Course Offerings for 2005

We are working on the program for 2005. Some of last year’s courses will be kept, some in a modified form. We are working on additional courses, and the abstract below may be modified in spring. We will again offer Calculus I (Math 241 at UH Manoa). This is a regular college level course, and students can earn college credit. Those who like to take this course should see their high school counselor and apply to the Outreach College to become summer scholar. A good SAT score and a good grade for pre-calculus are required. Students need to also pass the Mathematics Department Assessment Test with a sufficiently high score. Tuition for this course is separate.



  1. Computer Graphics: This course is an exposition of modern computer graphics. This course will begin with an appreciation of computer graphics as it affects popular media today. We will then develop a basic knowledge of the biology of the eye and how we perceive light. A basic knowledge of the binary numeral system will be taught. From this foundation the ideas and architectures for digital still and motion graphics will be developed, with a focus toward current user applications that can be used to develop content. We will use knowledge of computer graphics to compliment web technologies. The goal is an understanding of how and why digital computer graphics are providing a revolution in media today. There may be two variants of this course adjusted to the age of the participants.

Instructor: Michael-Brian Ogawa (Instructor, UH)


  1. Astrochemistry and Astrobiology: This course presents a comprehensive introduction to the chemistry and biology in our solar system and between the stars. Starting with the basic knowledge of the chemical composition of extraterrestrial environments, we will develop elementary idea how to detect atoms and molecules in space and how molecules are formed. These ideas are expanded from simple species like water via organic molecules (alcohols, ketenes, acids) to complex systems like amino acids and sugars - basic ingredients of life as we know it. An excursion and star observations will actually help the students to visualize where in space a molecular evolution - and possibly the formation of extraterrestrial life -takes place.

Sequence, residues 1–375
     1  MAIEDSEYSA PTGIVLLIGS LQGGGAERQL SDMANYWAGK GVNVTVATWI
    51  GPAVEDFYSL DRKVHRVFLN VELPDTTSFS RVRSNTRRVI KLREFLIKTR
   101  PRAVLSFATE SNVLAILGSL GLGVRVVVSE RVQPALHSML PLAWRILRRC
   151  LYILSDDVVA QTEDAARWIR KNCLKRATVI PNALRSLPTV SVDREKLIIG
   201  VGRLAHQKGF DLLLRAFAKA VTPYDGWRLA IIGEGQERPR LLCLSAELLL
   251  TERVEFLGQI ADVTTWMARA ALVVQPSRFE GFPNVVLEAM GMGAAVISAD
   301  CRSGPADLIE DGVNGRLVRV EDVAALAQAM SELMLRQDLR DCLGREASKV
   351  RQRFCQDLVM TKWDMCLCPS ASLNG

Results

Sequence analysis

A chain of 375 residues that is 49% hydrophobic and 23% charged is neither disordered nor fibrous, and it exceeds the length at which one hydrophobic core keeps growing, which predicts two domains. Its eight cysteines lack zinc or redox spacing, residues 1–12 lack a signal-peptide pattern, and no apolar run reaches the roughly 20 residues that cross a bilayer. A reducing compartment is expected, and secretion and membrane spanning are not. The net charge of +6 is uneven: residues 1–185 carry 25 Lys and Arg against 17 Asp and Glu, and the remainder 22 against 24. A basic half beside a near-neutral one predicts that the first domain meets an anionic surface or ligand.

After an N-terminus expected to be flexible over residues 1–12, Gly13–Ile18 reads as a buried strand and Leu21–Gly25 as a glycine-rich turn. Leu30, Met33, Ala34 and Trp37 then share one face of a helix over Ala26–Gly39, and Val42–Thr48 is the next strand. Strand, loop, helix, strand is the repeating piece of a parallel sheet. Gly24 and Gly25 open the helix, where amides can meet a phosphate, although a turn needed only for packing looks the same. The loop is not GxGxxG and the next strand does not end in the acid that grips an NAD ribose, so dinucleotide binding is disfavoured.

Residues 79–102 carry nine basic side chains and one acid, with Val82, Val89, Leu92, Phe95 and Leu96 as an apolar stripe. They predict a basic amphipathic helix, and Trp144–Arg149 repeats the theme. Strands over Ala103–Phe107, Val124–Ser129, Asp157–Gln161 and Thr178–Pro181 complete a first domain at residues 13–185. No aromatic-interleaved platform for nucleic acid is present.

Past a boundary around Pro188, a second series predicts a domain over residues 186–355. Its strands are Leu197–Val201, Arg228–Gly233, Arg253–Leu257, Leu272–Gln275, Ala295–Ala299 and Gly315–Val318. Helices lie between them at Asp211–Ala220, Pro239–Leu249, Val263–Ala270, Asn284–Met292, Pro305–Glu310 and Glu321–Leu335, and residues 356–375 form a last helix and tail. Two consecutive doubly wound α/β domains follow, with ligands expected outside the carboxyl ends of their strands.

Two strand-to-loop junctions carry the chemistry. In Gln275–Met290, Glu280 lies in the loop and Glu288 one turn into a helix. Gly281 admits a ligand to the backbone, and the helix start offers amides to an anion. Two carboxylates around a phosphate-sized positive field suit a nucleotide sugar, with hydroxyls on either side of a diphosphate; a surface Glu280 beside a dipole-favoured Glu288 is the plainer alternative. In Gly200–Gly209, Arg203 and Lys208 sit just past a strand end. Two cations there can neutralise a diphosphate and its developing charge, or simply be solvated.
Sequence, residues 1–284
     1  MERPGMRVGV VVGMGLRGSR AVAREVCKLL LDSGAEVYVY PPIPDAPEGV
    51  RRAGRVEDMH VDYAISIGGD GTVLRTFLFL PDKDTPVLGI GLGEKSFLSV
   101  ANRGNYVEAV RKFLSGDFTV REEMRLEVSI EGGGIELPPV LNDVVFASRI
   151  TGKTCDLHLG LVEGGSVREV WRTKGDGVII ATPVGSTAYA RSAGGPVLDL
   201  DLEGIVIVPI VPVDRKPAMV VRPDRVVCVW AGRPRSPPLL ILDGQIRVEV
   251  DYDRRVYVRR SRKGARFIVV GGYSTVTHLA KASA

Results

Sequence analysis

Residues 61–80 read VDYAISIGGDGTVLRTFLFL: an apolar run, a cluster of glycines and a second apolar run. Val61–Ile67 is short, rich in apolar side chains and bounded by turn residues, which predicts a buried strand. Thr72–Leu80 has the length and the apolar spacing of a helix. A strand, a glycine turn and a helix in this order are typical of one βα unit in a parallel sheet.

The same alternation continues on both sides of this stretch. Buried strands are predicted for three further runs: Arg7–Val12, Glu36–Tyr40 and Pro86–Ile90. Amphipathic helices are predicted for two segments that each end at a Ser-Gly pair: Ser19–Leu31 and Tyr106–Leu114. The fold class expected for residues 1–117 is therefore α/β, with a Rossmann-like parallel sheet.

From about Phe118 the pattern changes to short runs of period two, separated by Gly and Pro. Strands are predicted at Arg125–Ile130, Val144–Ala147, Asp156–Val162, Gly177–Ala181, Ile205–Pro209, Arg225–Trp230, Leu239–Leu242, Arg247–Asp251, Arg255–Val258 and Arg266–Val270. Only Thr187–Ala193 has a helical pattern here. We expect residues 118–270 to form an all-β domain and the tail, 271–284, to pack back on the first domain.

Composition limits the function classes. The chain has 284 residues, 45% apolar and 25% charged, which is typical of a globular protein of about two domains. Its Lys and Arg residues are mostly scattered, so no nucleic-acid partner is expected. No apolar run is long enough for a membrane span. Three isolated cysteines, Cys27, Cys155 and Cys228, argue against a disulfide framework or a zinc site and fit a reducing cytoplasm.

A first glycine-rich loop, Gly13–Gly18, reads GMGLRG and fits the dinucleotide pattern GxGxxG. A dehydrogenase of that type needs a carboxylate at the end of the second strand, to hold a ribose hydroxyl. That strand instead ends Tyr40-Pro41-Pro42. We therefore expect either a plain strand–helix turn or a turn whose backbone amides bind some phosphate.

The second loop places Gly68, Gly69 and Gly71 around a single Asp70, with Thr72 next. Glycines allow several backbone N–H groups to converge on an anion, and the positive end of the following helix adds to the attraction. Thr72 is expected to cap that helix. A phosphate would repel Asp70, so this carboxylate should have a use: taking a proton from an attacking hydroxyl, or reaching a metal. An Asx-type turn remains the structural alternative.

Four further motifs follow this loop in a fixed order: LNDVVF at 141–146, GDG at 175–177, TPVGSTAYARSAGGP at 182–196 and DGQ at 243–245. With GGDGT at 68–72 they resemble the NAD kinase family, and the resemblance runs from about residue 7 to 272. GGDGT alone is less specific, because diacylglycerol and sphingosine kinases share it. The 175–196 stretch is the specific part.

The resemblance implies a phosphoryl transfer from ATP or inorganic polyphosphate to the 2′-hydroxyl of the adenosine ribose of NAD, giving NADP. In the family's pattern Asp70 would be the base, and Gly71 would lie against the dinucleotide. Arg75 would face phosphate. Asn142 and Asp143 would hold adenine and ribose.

Instructor: Corey Jamison, Faculty Advisor: Dr. Ralf Kaiser (Professor, UH)


  1. Reading French: Learning another language is a complex skill that includes listening, speaking, reading and writing.  This course proposes to concentrate on the skill of reading French.  Students should be able to read basic texts with a certain degree of comprehension at the end of the 5-week period.  While the language of study is French, students will also learn basic concepts of how languages are put together, in other words grammar will be reviewed.  Since at least 1/3 of English words have French origins and since French syntax is similar to English, students will learn to build on what they already know. This course will be for the younger age group of students finishing 8th or 9th grade.

Instructor: Amy Lee Healey, Faculty Advisor: Prof. Jean Toyama (UH)


  1. Explorations in Mathematics: Starting out with elementary ideas, we will go down the path of exploration and discovery. We will formulate the conclusions and try to explain them in general. Then we will apply the newly found knowledge in a variety of other settings. The emphasis is on experimentation and the development of structural thinking. The topics (network problems, elementary number theory, probability, and/or others) will be simple, albeit at the heart of important applications of mathematics in modern life.

Instructor: Andrea Bender (Punahou), supported by Prof. Ron Brown (UH)


  1. Submersibles and their Control: The first part of this class will be a basic introduction to hydrodynamics from a practical point of view.  We will discuss density, viscosity, buoyancy and how these relate to motion of underwater vehicles.  Students will study different types of underwater vehicles along with the respective applications and designs of such vehicles.  We will go to the UH pool to observe ODIN, an underwater vehicle built by the Autonomous Systems Laboratory at UH.  And, students will design their own submarine vehicle. The second part will be devoted to the theory. The notions of velocity and acceleration for a moving a object will be introduced. Examples of modeling of physical systems will be discussed and optimization criteria will be added. The theory will be supplemented by an introduction to numerical computations using Matlab.

Instructor:  Side Zhao (UH, Mechanical Engineering) and Ryan Smith (UH, Mathematics), Faculty Advisor:  Prof. Monique Chyba (UH, Mathematics)